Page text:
Thursday, October 22, 2015

Extending the Air Line to New Haven: Superelevation and laying track

Now that the drop-down across the doorway is finished, it's time to lay track. I already laid the cork roadbed along the "easemented" lines I'd created (click here for how I did it), and the smooth, long S curve looks great. But I think the track itself would really benefit from some superelevation - it'll be cool to see a long Air Line Local leaning both ways around the long S.

A quick search of my library led me to a trackwork book that had a section on superelevation. The author suggests using styrene strips of .010", .020", and .030" thick to gradually raise the outside rail, but the first step is to mark where the outside rail will be...

Measuring from the centerline, I made a mark on the outside of the curve where the outside rail - and thus the strips - should go.

I used the styrene I had on-hand - all the right thicknesses, but dissimilar widths. Shouldn't matter. They're glued to the line with thick ACC to give me some time to position the strips (I think thin ACC would soak into the cork and dry too quickly)
While the recommended practice is to have each strip be a standard car length long (12" for passenger cars, 6" for 40' freight cars), my curves weren't that long, so I fudged it a bit and used (much) shorter pieces.

I don't think it'll end up mattering though - the elevated S curve came out great and works well. The only thing I'd change in the future is to go up to a .060" thickness. The .030" height doesn't make for as dramatic a lean as I'd hoped. On the other hand, considering how short these curves are, I wouldn't have been able to transition up to .060 quick enough without risking operational problems.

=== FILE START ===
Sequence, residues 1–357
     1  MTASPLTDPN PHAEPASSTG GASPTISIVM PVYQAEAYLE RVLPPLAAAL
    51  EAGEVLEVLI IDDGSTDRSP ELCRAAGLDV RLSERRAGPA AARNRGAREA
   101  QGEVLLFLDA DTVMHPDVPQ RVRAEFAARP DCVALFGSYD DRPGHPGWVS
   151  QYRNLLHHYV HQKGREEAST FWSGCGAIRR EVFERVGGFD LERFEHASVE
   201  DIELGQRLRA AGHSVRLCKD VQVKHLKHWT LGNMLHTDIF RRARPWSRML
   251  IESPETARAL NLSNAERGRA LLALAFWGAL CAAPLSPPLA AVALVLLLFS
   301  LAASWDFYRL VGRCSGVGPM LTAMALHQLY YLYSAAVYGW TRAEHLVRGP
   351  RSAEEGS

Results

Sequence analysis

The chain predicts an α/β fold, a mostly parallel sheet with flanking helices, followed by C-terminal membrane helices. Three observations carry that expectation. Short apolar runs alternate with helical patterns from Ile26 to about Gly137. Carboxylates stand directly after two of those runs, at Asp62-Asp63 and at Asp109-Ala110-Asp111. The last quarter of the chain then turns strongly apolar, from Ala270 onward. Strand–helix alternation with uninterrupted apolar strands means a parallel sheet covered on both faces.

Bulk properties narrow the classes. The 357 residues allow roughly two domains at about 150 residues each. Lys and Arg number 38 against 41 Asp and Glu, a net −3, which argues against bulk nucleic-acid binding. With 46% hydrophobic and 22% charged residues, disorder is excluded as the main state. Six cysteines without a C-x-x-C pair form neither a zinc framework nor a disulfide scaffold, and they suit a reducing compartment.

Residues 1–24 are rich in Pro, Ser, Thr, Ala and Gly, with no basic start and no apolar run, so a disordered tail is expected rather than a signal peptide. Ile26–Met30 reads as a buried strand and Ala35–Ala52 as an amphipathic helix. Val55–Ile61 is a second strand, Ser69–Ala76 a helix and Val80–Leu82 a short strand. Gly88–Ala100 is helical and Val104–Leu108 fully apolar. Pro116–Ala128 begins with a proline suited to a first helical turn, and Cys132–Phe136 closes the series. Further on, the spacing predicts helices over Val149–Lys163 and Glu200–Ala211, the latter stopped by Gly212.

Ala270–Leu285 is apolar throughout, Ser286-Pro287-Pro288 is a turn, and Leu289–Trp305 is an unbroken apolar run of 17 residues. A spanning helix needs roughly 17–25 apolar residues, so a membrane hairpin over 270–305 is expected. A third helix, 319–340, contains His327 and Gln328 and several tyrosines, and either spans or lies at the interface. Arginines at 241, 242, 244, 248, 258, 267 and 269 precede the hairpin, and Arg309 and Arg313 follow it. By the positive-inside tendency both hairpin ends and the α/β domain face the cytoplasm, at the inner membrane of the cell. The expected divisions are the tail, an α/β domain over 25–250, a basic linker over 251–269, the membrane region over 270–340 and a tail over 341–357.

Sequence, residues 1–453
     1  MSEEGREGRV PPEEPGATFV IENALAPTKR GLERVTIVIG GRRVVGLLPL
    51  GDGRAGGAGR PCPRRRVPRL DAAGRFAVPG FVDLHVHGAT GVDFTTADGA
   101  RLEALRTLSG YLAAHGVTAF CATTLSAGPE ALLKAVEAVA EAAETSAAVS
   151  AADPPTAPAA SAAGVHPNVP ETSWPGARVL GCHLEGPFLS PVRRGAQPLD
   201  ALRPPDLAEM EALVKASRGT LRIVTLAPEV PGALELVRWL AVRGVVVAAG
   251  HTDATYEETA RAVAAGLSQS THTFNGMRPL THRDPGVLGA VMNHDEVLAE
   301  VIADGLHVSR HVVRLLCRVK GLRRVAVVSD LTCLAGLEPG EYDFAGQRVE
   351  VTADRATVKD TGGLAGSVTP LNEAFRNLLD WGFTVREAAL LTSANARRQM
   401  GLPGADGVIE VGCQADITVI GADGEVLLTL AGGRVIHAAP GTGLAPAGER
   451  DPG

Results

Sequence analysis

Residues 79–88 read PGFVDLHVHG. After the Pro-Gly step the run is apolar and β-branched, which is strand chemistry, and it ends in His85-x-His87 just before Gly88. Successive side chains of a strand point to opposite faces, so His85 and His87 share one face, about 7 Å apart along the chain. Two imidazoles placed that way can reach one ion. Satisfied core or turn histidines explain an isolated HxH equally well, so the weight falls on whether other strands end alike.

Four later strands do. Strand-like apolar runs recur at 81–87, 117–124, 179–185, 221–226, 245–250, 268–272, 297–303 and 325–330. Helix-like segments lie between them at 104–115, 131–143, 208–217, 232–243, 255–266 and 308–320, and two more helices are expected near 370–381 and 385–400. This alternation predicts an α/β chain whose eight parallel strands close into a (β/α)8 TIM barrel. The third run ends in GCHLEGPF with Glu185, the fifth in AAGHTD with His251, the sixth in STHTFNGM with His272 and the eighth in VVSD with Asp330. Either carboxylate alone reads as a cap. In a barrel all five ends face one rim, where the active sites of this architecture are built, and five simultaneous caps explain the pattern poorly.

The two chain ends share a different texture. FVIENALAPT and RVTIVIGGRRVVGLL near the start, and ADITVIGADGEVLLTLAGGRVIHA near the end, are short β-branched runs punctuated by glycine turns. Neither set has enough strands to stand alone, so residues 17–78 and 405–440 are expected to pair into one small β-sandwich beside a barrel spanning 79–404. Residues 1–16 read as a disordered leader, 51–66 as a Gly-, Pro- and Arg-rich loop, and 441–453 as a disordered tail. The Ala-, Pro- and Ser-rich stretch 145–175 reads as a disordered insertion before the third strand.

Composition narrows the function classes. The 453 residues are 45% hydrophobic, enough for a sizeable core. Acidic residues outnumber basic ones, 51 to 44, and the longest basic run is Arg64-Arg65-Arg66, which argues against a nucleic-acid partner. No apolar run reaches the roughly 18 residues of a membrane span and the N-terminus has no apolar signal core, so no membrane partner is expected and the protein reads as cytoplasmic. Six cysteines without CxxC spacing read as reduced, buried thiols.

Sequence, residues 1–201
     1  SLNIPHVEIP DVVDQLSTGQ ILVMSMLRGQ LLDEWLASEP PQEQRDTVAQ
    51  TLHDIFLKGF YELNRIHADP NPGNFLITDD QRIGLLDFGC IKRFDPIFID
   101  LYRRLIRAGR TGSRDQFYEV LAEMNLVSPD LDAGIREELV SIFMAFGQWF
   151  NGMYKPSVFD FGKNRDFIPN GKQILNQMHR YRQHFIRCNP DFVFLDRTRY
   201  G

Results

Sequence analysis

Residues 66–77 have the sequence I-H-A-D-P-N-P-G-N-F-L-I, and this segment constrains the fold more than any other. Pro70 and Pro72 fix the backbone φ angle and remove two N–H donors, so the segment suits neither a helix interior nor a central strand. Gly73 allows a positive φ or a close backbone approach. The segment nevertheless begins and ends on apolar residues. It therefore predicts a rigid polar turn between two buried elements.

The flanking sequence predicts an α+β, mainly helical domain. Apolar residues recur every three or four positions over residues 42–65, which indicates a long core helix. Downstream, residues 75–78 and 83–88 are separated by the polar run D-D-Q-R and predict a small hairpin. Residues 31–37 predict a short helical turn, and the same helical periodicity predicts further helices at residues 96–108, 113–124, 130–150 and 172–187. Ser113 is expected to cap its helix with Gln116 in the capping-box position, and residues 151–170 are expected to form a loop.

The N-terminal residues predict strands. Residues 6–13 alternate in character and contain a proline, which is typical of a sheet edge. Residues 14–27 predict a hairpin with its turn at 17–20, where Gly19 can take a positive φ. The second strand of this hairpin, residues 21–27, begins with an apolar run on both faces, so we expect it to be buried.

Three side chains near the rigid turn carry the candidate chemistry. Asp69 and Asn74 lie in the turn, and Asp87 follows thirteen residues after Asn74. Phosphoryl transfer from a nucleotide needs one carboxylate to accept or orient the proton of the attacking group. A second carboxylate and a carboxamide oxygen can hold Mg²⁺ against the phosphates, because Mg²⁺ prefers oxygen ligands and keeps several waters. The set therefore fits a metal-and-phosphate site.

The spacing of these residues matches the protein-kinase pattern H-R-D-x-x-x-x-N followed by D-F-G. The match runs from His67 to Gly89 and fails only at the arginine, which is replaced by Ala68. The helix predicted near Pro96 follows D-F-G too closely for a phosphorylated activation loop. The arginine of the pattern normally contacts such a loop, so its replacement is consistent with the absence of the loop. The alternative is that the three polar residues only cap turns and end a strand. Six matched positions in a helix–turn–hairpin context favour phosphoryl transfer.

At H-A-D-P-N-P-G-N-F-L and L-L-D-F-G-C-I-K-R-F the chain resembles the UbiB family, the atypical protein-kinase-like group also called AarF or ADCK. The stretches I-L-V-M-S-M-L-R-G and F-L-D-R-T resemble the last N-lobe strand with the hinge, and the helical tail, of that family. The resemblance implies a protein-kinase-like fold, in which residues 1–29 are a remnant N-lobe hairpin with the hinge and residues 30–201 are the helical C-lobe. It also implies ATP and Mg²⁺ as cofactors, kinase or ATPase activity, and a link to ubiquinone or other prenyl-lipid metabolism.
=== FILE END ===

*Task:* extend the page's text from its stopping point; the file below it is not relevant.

Tip: when you have a long curved section like this, you'll want to solder the track together first, even if it gets a little unwieldy. I tried to solder as I went along and found that to be even more difficult than handling one long piece of track. It might be different if you're working with a buddy, but working alone you just run out of hands. Add to that the fact that I wanted to glue the track down and things got really stressful for a bit, trying to do everything before the glue set up. As it was, I used track nails to hold things in place - most necessary when using Atlas flex (which is ultra bendy) rather than MicroEngineering (which you can bend to a curve ahead of time and have it hold). Another tip: if you're going to use track nails, pre-drill the holes and don't try to do that along with soldering and gluing. Save some stress!

After the S curve was done, all that remained was the simple matter of continuing the track across the drop-down bridge...

Hinged end: Lay the track right across the gap. Again, it's critical that the track remain rigid here - so I nailed down the four ties on either side of the gap AND applied a healthy thick dose of Aileen's Tacky Glue (my track fixative of choice) all around the area. That should hold the track in place after I cut the rails.

Drop end: I treated the other gap the same way - you can see the Aileen's still setting up.
I hate to give Randy the satisfaction, but after a lot of hemming and hawing I finally decided to take his advice and extend this track all the way to the corner of the room, behind the backdrop that's already there (of course, that required some deconstruction). I was worried about access, but discovered that I could still reach the end of the track from underneath. It's not easy access, but it's doable and considering how tight things are, it's unlikely that anything will derail back there. But I may put a rerailer there just in case. AND that little extension gives me another 40" of tracklength - enough to allow the entire Air Line Local to be staged without being on the drop-down bridge at the start of the session. So I think the destruction deconstruction change will end up being worthwhile.

Now I just need to figure out how best to wire all this. I'm considering attaching the wiring bus to magnets so that when the bridge is in place and the magnets connect so does the power. BONUS: when the bridge is down, there'll be no power to the tail track. At least that's my thinking at this point - but I welcome suggestions, as always!

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